Recent battlefield victories against foreign counterrevolutionary forces and the war’s expanded scope inspired the republic to call up 300,000 men, which sparked “an unprecedented wave of riots.” More importantly, the riots – and fresh battlefield defeats — sparked an official response: the centralization of national authority, new judicial tribunals to persecute suspected treason, and state-directed repression of domestic unrest and disloyalty with a “supreme police”22 The Revolution was threatened, and the government took the repressive torches from the people and transformed them into fireballs with which to incinerate the elites, the price-gougers, and traitors of any section of the endangered French Republic. Terror was not a new horror — what was new was that the Terror was systemic, “a deliberate policy of government,” so it was wide-reaching, simultaneous, and steady in its murderous hunger for victims.23

The war machine was a ravenous hurricane at the Terror’s core, hungry for materiel from churches, loyalty from the populace, and legions of soldiers to be thrown against foreign armies. Churches became “barracks, arsenals, or stables,” and anything of value was put to military use. But the mobilization campaign quickly became a dechristianization campaign, in which signs of any kind containing Christian references were torn down. The new man of the Republic would be spared the old superstitions of the failed Church. Church defenders were killed. Nothing better symbolized the Terror for many citizens than the dechristianization efforts.24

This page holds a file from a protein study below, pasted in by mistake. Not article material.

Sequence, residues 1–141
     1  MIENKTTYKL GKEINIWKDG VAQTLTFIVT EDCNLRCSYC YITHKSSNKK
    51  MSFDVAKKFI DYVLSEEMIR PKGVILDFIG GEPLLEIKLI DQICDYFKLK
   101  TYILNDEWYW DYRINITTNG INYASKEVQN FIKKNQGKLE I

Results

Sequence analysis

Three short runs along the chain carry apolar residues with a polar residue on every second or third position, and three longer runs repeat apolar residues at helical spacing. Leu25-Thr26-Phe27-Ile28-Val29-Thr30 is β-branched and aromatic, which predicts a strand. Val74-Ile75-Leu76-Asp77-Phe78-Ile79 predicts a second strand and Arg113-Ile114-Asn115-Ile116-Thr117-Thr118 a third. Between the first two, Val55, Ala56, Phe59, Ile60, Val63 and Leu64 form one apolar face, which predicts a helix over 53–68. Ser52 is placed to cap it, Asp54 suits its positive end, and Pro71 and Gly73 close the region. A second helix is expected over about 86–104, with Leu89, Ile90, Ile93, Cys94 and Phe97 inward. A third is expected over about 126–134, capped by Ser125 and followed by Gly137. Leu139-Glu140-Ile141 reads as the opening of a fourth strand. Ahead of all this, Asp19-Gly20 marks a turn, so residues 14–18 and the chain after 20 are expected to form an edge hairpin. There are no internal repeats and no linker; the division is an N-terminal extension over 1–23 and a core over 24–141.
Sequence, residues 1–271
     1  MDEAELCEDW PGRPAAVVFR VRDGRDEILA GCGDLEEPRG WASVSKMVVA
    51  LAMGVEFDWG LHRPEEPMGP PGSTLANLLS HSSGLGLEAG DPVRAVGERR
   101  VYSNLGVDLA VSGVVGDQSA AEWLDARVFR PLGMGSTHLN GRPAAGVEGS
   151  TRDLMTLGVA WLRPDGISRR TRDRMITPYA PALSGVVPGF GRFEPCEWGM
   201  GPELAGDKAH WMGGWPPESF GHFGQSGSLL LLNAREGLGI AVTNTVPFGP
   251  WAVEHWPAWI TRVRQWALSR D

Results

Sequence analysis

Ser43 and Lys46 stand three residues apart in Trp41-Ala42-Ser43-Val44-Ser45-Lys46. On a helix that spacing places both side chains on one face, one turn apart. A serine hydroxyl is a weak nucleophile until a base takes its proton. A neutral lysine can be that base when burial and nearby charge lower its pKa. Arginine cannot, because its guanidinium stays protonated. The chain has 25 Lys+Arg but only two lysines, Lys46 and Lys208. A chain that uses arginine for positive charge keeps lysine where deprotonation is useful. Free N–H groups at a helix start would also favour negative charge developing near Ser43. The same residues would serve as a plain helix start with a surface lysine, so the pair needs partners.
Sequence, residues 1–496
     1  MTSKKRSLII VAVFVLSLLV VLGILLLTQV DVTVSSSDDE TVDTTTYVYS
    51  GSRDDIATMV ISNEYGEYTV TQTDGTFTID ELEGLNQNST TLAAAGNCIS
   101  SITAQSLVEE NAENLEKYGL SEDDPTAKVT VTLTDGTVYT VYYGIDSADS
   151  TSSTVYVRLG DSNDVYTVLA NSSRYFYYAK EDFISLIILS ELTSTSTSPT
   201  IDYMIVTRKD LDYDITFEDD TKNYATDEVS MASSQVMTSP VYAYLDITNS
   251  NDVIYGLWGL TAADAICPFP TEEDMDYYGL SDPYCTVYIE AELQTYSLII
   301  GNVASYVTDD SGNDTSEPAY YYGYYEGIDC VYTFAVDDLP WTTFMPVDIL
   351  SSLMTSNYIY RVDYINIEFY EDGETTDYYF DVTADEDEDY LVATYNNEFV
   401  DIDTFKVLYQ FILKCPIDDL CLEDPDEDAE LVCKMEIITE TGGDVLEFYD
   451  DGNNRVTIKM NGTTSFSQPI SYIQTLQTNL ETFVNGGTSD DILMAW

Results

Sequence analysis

The campaign drew deep divisions between commoners who believed they commanded the government and the political leadership, some in power without popular mandates, which was prepared to brutally suppress any resistance or wavering acquiescence to their absolute wartime authority. These two elements, increasingly at odds with each other, intensified the Terror’s murderous chaos.25 Real and imagined fears inspired both the French people and their provisional government — particularly members of the Committee of Public Safety like Robespierre — to use fear to repress it. Fighting fire with fire simply intensified the fire.26

Robespierre’s campaign to purify the Revolution, first by invalidating any sense of guilt or culpability for the atrocities he felt were necessary, was aimed at the building the new society the Revolution’s earliest aspirations aspired to achieve. The Terror’s own monstrous judicial liberties were realized on local levels as committees expressed the persecutorial zealotry required to achieve the sanctioned purifications.27 The Terror was sustained by “a strange compound of reason, desperation, and fear,” and it redefined what was revolutionary – not ideology, not a new vision, not a new government. The Terror’s revolution was one of efficient execution of “effective measures” — slicing through opposition and bringing centralized order to counterrevolutionary chaos in order to ensure the Revolution’s permanence.28